Should you hire someone to write your blog?

I think it is crucial for law firms to have blogs these days. But firms are busy, not everyone likes to write and some folks just aren’t very good at it. This leads to the question, should law firms hire someone to write their blogs?

The answer?  Maybe.

To my mind there are five types of blogs for law firms.  Here is what they are and the results a firm will generally see from them:

1. An attorney, with all good intention, decides to start blogging. She posts for a while, gets busy, bored, whatever, and stops. She leaves the blog up, it becomes more and more out of date, any readers she might have obtained are gone. In time leaving the blog up becomes more harmful than good. This is because it is never good to leave something on the Web that isn’t consistently updated at a reasonable pace.

If this is you, that’s ok. It happens. But take down the blog. Or even better, make it a vlog (video blog) instead. Grab a cell phone camera, record your thoughts on an issue for a minute or two, and post it. Once every two weeks would work wonderfully. Even once a month.

2. A firm, probably on the cheap, hires a company to write its blog for the express purpose of increasing its ranking on Google. The company writes one blog post for a whole bunch of firms, copies and pastes the posts on the blogs for each of the firms and calls it a day. This is actively harmful and could cause the firm’s rank to drop on Google.

Google rewards content, but that content has to be original to the poster. This is why it is actually harmful to you if someone steals your content and posts it elsewhere on the Web (as opposed to citing your content and providing a link back.)

3. A firm hires a company to write its blog for the express purpose of increasing its ranking on Google. The blog posts are not meant to be original. Normally the company is exclusive to the area of law in each market. The company understands Google and that it is important not to write redundant blog posts. This kind of blogging has an impact and will in fact increase a firm’s Google rank.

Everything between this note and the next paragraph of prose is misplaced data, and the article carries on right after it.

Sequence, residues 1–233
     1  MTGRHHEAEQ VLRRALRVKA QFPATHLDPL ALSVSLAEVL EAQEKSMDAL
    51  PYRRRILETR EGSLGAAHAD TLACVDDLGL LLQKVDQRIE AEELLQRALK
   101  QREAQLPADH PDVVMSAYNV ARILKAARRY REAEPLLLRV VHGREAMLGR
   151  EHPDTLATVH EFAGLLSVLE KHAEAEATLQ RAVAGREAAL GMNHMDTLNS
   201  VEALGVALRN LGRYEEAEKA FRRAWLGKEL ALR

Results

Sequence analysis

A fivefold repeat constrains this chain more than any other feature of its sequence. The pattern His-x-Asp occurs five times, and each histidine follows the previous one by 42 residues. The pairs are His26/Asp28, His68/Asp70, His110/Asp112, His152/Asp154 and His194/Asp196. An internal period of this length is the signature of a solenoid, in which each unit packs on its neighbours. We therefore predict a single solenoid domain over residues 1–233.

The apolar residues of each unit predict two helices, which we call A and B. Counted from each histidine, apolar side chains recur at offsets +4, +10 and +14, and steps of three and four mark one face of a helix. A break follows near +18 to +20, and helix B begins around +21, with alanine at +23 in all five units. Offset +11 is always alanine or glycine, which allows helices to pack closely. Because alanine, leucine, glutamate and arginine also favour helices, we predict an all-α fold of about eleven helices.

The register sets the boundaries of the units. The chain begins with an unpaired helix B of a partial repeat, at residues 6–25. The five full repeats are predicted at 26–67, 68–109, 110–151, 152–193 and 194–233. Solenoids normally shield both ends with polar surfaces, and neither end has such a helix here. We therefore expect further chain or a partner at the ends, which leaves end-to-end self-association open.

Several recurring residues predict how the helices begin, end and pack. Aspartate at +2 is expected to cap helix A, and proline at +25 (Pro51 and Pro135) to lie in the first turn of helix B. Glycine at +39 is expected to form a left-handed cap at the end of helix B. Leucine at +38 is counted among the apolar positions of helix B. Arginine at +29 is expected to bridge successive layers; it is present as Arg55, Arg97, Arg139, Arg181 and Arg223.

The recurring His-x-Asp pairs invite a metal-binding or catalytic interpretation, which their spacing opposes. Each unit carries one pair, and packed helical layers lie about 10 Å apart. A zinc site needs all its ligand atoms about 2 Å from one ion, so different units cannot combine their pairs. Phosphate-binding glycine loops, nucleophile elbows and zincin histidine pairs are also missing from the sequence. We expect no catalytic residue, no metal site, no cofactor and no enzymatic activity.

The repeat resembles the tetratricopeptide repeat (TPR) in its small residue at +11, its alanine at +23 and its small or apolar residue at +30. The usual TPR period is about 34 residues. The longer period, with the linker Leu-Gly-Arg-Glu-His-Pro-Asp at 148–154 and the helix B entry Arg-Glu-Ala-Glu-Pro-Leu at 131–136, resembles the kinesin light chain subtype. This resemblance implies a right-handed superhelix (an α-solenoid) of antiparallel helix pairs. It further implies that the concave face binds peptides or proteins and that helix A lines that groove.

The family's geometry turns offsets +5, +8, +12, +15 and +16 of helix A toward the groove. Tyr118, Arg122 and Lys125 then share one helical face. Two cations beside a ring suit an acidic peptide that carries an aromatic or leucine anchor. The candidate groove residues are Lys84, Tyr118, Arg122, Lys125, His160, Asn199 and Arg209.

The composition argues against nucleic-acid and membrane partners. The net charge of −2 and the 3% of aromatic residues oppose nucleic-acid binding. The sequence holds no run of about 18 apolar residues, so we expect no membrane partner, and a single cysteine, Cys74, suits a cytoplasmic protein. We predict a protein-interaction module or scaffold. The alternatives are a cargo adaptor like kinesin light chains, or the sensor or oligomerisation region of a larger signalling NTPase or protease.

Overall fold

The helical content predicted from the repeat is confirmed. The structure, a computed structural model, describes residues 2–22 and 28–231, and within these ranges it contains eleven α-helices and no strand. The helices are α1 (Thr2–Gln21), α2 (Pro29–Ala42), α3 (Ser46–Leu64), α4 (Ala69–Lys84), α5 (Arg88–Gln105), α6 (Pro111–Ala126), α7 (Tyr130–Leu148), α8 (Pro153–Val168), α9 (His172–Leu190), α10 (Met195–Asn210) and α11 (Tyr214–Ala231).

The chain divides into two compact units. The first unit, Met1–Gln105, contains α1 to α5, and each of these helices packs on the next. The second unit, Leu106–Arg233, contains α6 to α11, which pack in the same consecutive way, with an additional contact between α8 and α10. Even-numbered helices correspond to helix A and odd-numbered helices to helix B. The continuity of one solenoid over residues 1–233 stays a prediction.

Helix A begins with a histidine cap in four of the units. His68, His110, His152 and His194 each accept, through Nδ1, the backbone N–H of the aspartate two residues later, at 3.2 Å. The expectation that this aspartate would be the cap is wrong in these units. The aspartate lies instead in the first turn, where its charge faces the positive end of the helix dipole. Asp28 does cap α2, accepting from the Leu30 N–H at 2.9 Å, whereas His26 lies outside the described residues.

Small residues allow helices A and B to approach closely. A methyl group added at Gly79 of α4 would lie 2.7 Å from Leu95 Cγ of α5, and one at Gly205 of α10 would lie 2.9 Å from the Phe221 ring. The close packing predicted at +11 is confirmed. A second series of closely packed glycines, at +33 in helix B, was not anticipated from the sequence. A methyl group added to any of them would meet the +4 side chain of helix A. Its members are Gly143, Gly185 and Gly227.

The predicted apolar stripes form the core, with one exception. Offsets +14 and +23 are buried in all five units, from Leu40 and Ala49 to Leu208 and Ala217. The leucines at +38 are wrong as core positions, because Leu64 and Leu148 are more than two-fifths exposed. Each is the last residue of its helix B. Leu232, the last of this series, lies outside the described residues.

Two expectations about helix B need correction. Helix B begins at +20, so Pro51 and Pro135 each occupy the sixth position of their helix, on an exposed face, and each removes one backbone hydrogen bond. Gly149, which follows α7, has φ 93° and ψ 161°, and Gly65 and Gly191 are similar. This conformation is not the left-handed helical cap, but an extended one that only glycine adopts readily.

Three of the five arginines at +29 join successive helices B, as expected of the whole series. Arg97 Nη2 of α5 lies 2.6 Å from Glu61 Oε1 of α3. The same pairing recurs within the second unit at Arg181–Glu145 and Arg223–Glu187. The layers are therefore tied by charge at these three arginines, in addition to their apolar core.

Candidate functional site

4. A lawyer writes a blog, enjoys writing and therefore keeps the blog (or vlog) up and running. The lawyer probably posts at least once or twice a week. The content is original, provides solutions and lets potential clients know that the attorney knows what she is talking about. This is the best type of blog.

-The original content increases rank
-The solution based content encourages visitors to the blog
-The content shows the knowledge of the attorney and encourages potential clients to email or call

5. A firm hires a company to write its blog both to increase rank and provide solid content. The posts are meant to be original and encourage engagement. The person creating the writing does a good job, understands the law (and the ethics) and writes appropriate solution based content that is only placed on the blog of the client. Effectively, this kind of blog has the same result as number 4. The law firm will need to work with the content writer to make sure this blog is effective.

I strongly encourage every law firm to have at least one blog. Blogs are a wonderful way to get the firm’s name out there, encourage communication, provide increase in search engine rank and offer solution based marketing. They can also be a lot of fun to write.

Just make sure that the blogging you do, whether you do it yourself or retain someone else, is effective and doesn’t do more harm than good.

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